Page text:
Based on the principle of equality access to technology should be mainly determined by needs (79%). 16% perceived risk to be a determining factor. Less of the delegates were much concerned about competence and ability (3%) and what families can pay for (2%). (see Chart 5)

In listening to this specific international audience we can make a series of suggestions about how professional digital stakeholders are conceiving the ethical and moral implications of digitization within corrections. Our proposed framework is useful but in our view requires further refinement to ensure digitization is sensitive to stakeholder (users, staff etc.) needs. The results of this survey raise some valuable areas for further discussion and we would like to further explore how digitization is being managed. Do these views, values and opinions shape how services are responding to the inevitability of the digital revolution?

Some take home messages from this exercise can be summarized….

  • Rehabilitation is a priority for most expert respondents and that much value is placed on the potential that digitization can have;
  • Digitization is also a priority and experts are motivated towards a digital trajectory;
  • Data privacy is problematic in this landscape and experts have different ideas about the role that privacy has in correctional settings;
  • Security for some experts seems to override the needs of end users.

We recognize the limitations of this survey. However it is satisfying to capture how correctional experts are feeling about the advent of digitization in this context. Riesdorf and Rikard (2018) have already highlighted the importance of digital rehabilitation and how the needs of end users like serving prisoners are complex and multifaceted. It is evident correctional experts have some knowledge and sensitivity about the role of digital use and rehabilitation. However the landscape of data privacy has a peculiar meaning in the context of corrections. As we highlighted in our presentation (Knight and Van De Steene forthcoming publication) there is a need to respond with the correctional context in mind. In doing so we have previously recommended how correctional settings can develop an ethical and moral response to digitization in preparing digital strategies that centre user needs throughout. Whilst correctional service grapple with the digital problem advances in technological services and solutions continue to be developed at light speed. The role for example of artificial intelligence brings further ethical and moral dilemmas to correctional experts. We welcome guidance and frameworks to instruct and guide correctional decision makers. However these can sometimes only seek to reinforce ethical and moral tensions and legitimate the use of technology to, for example, replace decision making and make systems cheaper to run. We worry that without user engagement technology can enhance harm. Our knowledge of this remains limited and our plans to develop an evidence base on how correctional contexts are preparing and delivering digitization are forthcoming. We would welcome your responses to this article and if your prison service would like to participate in our forthcoming international survey then please do get in touch.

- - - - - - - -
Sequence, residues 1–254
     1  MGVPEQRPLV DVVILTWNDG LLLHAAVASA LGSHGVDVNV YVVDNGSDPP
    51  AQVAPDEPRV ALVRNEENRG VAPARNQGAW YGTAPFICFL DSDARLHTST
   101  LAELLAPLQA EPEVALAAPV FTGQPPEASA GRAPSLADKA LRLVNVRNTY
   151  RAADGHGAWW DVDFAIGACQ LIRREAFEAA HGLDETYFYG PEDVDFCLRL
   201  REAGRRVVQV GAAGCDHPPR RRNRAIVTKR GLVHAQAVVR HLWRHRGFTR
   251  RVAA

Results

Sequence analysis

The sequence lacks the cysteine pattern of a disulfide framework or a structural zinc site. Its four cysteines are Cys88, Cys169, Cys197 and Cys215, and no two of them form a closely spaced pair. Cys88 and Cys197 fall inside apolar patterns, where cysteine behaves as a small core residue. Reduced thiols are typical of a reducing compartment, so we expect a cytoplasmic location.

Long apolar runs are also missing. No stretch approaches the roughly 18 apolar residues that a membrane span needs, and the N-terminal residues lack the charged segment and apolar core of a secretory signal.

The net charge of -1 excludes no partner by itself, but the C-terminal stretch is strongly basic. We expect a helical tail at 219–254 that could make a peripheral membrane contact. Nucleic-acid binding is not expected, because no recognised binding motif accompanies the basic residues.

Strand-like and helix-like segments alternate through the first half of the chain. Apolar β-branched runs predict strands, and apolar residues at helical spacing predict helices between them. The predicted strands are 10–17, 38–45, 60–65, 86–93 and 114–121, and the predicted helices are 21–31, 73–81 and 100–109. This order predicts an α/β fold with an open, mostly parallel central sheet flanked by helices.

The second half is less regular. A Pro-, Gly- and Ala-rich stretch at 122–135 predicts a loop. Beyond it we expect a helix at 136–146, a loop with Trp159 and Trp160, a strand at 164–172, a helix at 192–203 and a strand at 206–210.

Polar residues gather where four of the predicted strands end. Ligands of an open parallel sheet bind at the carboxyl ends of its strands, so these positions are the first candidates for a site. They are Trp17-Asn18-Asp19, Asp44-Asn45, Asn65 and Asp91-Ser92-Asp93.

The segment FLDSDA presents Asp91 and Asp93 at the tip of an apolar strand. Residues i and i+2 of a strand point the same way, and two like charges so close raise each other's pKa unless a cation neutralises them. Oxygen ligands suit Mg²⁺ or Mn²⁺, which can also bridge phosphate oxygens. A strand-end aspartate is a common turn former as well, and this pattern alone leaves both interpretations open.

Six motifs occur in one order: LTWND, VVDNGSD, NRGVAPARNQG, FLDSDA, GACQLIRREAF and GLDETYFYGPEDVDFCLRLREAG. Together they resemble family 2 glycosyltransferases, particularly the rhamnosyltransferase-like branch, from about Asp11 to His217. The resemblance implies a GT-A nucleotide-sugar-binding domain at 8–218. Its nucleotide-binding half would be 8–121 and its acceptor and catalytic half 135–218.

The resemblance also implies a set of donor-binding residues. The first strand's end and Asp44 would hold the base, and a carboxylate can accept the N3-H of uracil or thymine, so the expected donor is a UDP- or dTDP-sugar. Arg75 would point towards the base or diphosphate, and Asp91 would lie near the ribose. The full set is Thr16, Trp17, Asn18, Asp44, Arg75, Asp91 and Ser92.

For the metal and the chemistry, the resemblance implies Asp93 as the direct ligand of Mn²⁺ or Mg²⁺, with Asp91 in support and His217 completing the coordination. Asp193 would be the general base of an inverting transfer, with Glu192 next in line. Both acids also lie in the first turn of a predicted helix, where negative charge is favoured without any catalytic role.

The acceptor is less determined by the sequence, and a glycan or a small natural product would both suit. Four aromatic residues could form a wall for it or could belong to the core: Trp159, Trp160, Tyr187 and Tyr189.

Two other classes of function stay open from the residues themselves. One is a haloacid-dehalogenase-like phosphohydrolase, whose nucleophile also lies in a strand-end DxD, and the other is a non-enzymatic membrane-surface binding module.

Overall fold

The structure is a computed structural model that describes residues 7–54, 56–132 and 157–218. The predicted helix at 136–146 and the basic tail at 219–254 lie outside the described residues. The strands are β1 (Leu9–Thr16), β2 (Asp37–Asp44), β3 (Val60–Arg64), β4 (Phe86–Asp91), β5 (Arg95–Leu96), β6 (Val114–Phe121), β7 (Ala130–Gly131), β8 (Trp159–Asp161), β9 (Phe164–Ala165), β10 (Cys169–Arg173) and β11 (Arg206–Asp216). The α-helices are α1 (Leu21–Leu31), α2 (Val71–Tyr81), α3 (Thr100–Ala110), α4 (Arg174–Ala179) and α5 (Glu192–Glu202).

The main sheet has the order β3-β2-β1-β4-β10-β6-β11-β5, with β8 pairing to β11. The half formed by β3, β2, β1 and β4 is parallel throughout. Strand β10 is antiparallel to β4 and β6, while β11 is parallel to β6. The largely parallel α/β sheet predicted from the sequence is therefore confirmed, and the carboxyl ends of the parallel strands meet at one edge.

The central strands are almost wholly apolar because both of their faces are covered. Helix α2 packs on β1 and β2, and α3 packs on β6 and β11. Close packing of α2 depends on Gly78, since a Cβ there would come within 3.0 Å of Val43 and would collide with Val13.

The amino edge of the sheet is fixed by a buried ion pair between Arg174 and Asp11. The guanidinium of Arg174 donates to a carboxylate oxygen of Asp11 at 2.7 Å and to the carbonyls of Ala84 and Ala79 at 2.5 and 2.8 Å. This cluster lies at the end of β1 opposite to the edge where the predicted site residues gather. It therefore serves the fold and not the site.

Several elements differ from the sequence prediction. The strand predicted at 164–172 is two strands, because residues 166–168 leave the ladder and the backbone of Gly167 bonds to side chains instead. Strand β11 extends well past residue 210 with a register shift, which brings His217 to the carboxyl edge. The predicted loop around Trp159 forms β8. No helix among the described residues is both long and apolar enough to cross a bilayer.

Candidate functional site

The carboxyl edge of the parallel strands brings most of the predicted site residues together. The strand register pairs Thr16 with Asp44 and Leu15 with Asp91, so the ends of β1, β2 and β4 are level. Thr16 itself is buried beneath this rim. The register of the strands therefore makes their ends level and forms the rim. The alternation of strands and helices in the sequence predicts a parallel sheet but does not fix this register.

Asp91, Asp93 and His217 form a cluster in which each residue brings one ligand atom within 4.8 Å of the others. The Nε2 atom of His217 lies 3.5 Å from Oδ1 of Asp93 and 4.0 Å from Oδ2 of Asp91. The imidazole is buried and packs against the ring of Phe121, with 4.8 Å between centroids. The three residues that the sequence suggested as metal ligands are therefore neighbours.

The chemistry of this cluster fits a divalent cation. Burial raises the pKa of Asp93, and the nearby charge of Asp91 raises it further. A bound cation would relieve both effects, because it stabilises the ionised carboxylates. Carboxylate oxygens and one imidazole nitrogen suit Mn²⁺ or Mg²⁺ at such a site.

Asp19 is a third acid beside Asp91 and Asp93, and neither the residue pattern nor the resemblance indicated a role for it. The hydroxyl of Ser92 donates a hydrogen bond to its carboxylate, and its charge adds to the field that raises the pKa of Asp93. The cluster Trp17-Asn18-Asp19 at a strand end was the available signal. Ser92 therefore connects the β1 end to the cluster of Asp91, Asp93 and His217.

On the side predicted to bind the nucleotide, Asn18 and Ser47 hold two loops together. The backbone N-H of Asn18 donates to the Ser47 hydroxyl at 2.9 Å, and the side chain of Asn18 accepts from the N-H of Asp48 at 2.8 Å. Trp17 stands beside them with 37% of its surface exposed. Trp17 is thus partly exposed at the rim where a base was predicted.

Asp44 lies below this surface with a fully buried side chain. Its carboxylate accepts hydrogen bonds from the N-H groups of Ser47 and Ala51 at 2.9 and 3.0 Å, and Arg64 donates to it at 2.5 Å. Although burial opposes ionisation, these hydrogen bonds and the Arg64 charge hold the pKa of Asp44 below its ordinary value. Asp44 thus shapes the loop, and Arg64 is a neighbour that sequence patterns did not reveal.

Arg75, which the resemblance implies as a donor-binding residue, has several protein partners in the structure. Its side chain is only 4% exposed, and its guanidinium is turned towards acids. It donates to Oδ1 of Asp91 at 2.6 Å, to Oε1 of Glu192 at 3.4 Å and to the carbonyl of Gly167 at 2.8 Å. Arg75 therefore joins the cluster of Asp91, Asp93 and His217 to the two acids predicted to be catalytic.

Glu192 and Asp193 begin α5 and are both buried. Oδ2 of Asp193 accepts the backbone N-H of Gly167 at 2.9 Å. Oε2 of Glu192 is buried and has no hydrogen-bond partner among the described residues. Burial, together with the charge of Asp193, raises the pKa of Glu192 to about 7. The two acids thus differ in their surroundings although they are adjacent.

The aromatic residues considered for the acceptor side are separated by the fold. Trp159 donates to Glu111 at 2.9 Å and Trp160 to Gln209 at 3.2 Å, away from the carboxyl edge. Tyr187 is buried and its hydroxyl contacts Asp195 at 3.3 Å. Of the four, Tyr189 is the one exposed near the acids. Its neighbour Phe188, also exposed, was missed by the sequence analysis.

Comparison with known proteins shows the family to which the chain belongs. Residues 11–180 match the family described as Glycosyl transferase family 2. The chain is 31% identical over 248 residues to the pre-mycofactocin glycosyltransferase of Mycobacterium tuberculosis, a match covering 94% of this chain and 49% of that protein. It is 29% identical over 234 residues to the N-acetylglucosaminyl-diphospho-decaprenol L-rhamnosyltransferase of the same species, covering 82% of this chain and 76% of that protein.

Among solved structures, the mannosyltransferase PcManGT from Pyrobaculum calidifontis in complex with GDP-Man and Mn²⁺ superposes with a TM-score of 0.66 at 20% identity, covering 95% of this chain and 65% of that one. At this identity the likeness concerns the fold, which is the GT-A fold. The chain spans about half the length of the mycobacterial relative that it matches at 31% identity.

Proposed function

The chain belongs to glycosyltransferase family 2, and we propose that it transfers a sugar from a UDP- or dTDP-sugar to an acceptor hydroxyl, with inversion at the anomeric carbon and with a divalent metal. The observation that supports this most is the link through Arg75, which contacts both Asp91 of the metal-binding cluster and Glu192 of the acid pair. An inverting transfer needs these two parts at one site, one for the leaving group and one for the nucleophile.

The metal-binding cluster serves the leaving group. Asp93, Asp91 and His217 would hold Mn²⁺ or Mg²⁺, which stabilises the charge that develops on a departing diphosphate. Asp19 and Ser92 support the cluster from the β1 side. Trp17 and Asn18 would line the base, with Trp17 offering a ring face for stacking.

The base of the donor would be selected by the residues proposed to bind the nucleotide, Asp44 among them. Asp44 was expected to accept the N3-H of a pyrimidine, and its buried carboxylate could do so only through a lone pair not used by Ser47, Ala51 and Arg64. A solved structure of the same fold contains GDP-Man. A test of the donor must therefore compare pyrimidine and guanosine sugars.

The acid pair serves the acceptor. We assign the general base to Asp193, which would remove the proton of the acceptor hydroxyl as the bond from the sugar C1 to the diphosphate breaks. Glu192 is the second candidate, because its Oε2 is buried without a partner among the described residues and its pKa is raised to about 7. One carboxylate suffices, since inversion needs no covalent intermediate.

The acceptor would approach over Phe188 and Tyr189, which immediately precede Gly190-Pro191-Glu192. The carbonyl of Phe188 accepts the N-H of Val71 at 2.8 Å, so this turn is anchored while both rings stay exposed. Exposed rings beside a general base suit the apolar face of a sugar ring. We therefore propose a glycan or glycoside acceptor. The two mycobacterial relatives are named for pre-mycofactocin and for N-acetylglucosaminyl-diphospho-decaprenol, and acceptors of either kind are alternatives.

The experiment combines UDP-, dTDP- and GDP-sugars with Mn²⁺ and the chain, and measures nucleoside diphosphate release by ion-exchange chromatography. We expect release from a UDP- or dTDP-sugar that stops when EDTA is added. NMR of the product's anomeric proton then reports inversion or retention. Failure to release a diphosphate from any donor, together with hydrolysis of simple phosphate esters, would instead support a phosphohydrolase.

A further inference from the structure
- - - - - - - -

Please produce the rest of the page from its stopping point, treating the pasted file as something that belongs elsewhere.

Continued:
[1] Council of Europe CEPEJ European Ethical Charter on the use of artificial intelligence (AI) in judicial systems and their environment (accessed 17.4.19)

Published on: 28/06/2019

Author: Dr Victoria Knight, De Montfort University, UK & Steven Van De Steene, Smart Corrections, Belgium